A third alternative of the apparatus of the present invention is generally indicated at 60 in FIGS. 6 and 7. With the third alternative embodiment, the middle segment 12 includes a rigid, transparent plastic tube 62 having a circular lateral cross section. Preferably, the tube 62, an annular end wall 64, and a first end segment 66, are integrally formed of transparent plastic. The tube 62 is further secured to a second end segment 68 by a flexible, annular end flange 70. As illustrated in FIG. 7, second end segment 68 is simultaneously linearly moved toward and angularly rotated with respect to the first end segment 66 to displace the capillaries 34 from their normal position (shown in FIG. 6, substantially parallel to and symmetrically disposed around longitudinal axis 16) within the central chamber 46. The linear movement and angular rotation relative to the longitudinal axis 16 of the container, are indicated by direction arrow 72. This twists and fans the capillaries 34 away from each other within the central chamber 46 as shown in FIG. 7.
In use, the cells are implanted in the extracapillary space in a conventional manner such as through one of the ports 52. To ensure that all of the cells within the extracapillary space, as they multiply, receive an adequate supply of nutrients and that the waste products are removed sufficiently so that the cells grow and multiply the capillaries, the capillaries 34 are spread apart by moving the ends 14 towards each other as illustrated in FIGS. 3 and 5. Alternatively, the ends may be moved towards each other and twisted such as illustrated in FIG. 7. The ends are retained with the capillaries spread apart or twisted and spread apart by any suitable manner such as by being clamped using conventional clamping equipment.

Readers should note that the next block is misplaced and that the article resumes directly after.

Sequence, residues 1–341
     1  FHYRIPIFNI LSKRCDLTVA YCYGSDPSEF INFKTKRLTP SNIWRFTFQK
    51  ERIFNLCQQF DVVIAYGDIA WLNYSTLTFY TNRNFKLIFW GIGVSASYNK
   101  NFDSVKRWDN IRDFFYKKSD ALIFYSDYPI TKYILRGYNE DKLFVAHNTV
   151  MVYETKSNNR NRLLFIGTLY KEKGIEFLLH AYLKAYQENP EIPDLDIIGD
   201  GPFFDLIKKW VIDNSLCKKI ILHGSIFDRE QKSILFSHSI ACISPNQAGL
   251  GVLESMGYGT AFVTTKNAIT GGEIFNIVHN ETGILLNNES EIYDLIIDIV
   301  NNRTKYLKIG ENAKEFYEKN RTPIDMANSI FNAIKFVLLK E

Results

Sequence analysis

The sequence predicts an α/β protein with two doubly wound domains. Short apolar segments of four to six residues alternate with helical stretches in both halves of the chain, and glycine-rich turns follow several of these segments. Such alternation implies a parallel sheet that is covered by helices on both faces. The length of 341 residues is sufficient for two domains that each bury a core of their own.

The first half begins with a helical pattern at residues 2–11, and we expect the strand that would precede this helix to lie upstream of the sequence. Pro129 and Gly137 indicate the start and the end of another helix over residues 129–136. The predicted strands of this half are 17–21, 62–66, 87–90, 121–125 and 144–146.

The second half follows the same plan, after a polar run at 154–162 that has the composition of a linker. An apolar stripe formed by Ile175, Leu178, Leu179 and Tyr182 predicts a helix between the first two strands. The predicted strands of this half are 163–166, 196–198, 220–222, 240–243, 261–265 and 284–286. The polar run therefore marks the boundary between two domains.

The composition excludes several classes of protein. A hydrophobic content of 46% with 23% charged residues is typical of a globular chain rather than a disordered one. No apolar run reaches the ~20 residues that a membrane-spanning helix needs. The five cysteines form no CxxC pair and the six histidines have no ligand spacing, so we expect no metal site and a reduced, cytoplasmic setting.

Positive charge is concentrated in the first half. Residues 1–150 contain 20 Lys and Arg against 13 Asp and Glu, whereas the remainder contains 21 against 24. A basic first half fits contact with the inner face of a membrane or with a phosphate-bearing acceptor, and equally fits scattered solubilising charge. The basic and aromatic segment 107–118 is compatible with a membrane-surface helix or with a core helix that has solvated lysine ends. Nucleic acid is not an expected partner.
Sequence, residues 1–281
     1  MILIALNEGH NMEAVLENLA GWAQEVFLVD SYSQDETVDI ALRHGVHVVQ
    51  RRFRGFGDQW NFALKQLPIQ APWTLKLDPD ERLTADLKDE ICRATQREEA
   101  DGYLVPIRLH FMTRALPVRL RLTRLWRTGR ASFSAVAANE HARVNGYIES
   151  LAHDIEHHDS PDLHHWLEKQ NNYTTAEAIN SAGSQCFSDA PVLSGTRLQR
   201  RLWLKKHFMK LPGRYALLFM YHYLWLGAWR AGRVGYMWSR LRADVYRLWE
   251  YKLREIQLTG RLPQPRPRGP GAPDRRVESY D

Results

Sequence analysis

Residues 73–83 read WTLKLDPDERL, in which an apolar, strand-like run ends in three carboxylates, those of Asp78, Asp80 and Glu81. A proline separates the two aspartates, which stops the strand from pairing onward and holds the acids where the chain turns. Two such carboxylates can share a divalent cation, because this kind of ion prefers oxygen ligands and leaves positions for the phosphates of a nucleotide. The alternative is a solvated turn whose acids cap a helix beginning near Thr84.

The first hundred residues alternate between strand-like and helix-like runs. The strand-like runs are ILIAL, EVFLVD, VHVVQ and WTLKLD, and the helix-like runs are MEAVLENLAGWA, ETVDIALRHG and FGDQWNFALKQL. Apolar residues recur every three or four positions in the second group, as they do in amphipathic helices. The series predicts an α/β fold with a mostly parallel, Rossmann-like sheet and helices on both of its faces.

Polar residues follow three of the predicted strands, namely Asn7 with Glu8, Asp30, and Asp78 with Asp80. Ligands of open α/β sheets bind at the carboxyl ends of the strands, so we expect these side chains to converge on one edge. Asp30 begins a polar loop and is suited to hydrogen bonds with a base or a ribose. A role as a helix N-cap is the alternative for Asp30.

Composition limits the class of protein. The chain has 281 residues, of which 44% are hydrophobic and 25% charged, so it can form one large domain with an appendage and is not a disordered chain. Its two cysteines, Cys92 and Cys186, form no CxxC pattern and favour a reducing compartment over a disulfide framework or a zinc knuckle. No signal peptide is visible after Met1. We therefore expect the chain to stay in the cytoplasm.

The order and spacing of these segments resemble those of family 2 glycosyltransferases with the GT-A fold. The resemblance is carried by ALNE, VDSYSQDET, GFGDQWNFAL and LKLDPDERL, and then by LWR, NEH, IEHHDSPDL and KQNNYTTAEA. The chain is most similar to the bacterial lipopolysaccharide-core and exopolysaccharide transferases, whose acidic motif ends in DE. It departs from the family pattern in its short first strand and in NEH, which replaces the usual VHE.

In addition, the fluid in the extracapillary space may be agitated to increase nutrient availability and to increase removal of waste product by moving the ends of the apparatus of the present invention repetitively towards each other and away from each other. Care must be taken that the capillaries 34 do not cause too vigorous of an agitation of the fluid within the extracapillary space so that damage to the cells and the cell structures is avoided. The movement of the ends towards each other may be accomplished by moving both ends by a suitable motor and cam device (not shown) or by having one end fixed and moving the other by the same motor and camming device (not shown). The manner in which the ends of the apparatus of the present invention is moved is not particularly important to the present invention and other methods, specifically not described, are includable within the scope of the present invention.